You don’t have a computer - no worries, you can learn on your phone - there are online courses as well as online code editors which allow you to learn how to code, available for your phone.

You don’t have access to the internet? The website you are reading was surely printed and sent to you via mail :)

I does not matter however small steps you take - each one counts and teaches you something new. Maybe not today or tomorrow, but soon you will notice how much this approach has given you!

6. Solve one problem at a time

While creating an application, after the planning phase and looking at the project holistically, you should narrow your perspective to specific steps you need to take.

For example, if you’re working on a Messenger like application, start with a script which will save the given text into a text file. Of course, ultimately you will have to have a server, which will receive those messages and send them to the recipient. But thanks to this approach you will be able to understand how to handle relaying the text from the user to the code and how to process the text - this is something! After that you can create a simple server, work on the interface, but keep in mind to solve one problem at a time.

I know a lot of people who try to solve many or all problems at once. The problem with this approach is that they are unable to tell why their code is not working. They have changed so many things, added even more that it is hard to say what happened. Frustration, discouragement and helplessness appear - and in the end the whole project goes to trash. The strategy of solving problems individually will let you react instantly, and pinpoint the moment where you changed something and it stopped working.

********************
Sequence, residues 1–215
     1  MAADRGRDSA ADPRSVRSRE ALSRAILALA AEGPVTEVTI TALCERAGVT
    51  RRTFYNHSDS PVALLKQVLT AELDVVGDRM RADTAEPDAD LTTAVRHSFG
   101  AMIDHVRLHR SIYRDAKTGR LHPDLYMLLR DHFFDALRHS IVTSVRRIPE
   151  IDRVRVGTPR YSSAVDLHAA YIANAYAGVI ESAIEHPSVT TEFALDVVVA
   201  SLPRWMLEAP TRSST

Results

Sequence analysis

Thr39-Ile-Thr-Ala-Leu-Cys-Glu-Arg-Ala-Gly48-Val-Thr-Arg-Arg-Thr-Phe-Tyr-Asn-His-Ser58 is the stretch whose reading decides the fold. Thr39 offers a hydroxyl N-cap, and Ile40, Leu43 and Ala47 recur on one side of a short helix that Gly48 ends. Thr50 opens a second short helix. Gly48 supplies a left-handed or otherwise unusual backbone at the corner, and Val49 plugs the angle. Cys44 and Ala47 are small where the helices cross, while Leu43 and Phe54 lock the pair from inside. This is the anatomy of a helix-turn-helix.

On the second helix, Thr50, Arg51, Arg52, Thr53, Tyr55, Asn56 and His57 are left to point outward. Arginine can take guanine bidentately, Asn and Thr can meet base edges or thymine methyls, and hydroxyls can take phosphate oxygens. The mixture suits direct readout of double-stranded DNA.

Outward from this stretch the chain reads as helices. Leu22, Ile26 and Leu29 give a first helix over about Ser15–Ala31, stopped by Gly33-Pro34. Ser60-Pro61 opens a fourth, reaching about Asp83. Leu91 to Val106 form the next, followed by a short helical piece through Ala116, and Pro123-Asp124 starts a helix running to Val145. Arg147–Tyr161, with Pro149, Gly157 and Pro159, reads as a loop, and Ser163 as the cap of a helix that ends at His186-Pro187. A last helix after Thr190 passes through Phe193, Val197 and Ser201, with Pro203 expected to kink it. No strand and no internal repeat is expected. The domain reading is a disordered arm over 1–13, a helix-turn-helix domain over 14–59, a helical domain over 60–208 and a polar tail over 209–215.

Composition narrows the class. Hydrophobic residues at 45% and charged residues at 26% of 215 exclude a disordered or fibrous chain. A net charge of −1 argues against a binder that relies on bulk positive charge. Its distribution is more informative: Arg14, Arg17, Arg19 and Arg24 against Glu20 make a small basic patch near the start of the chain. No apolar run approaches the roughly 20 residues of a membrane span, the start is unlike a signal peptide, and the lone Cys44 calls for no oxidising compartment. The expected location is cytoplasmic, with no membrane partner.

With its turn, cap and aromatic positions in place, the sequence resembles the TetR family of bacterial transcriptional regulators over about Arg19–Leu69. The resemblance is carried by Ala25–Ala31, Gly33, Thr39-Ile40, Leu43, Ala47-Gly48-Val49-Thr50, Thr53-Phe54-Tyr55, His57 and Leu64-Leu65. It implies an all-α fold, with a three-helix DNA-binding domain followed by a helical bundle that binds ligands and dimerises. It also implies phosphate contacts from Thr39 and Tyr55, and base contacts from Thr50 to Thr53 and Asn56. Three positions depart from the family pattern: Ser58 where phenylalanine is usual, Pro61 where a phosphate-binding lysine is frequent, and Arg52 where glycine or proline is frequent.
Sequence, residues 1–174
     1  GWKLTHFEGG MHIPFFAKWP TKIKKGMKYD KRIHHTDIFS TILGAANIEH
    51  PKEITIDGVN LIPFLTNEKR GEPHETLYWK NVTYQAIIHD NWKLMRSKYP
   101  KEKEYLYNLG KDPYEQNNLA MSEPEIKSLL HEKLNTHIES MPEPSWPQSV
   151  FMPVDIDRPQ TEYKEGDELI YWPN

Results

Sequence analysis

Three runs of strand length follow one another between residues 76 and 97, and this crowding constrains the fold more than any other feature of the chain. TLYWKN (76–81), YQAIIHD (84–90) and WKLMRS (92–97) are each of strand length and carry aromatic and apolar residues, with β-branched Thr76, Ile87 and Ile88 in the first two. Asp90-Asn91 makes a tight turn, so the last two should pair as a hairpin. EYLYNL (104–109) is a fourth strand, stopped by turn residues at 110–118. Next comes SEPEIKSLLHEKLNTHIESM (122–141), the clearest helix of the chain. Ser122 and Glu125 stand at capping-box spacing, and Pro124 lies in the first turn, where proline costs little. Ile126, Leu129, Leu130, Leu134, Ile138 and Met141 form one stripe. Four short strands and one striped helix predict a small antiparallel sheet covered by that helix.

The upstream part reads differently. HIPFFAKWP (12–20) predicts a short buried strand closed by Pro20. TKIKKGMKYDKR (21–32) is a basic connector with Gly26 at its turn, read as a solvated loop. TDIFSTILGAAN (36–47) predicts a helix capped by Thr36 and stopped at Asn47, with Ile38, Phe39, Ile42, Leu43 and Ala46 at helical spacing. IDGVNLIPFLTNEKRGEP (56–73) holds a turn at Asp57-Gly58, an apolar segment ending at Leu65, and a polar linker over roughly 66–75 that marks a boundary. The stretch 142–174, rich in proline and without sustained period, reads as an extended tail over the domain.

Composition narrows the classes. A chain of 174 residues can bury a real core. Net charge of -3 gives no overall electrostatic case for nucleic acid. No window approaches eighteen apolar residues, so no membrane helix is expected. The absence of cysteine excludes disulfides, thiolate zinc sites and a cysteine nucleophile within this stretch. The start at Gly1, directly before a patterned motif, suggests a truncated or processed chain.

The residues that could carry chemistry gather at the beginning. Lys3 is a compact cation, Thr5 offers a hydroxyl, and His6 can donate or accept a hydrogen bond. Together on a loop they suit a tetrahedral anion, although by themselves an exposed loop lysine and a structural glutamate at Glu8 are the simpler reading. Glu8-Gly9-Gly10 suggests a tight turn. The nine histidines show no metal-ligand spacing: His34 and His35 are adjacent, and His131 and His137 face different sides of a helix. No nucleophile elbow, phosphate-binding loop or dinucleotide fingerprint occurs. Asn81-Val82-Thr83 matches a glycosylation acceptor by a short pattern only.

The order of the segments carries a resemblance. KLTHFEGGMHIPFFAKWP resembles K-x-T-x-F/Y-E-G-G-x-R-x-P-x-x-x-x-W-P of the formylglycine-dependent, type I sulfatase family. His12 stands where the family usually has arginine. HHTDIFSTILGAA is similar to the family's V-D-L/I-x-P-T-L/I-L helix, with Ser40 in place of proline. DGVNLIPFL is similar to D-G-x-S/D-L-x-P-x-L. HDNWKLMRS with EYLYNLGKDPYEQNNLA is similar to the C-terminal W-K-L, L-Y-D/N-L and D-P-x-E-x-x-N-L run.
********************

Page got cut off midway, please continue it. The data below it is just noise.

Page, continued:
Remember though - every project after its end can be put in one of two categories - SUCCESSFUL and LESSONS LEARNED. The worst possible enterprise can teach you something, even if it’s the knowledge of what projects you don’t want to work on.

In conclusion, I would like to wish you good luck! Being at the beginning of your path to the IT world is probably the hardest part - everything seems so difficult and complicated - lots of information to acquire and many things seem not as they should be.

Let me cheer you up - there are many places which will help you get through this stage, maybe not painlessly, but in a more smooth way. Look for internships which will teach you the most. Look for internships in interesting, valuable companies.

What if you can’t find a place like that? Well, you will be in the same situation I once was. And the only solution is to create this place on your own, when you go through you journey. This is why, when I have found my place, the company I’m currently working in, TEONITE, I have implemented my own internship programme, BootMeUpTNT. I’m creating it in a way, so it could have helped me when I was starting my adventure.

I would like to encourage you too - if you are having a hard time finding your place - create your own BootMeUp. Help others in getting knowledge and share what you have learned - this way you will be able to make this difficult time easier for others.

Read first part on: teonite.com/blog/6-tips-for-beginner-programmers-part-1/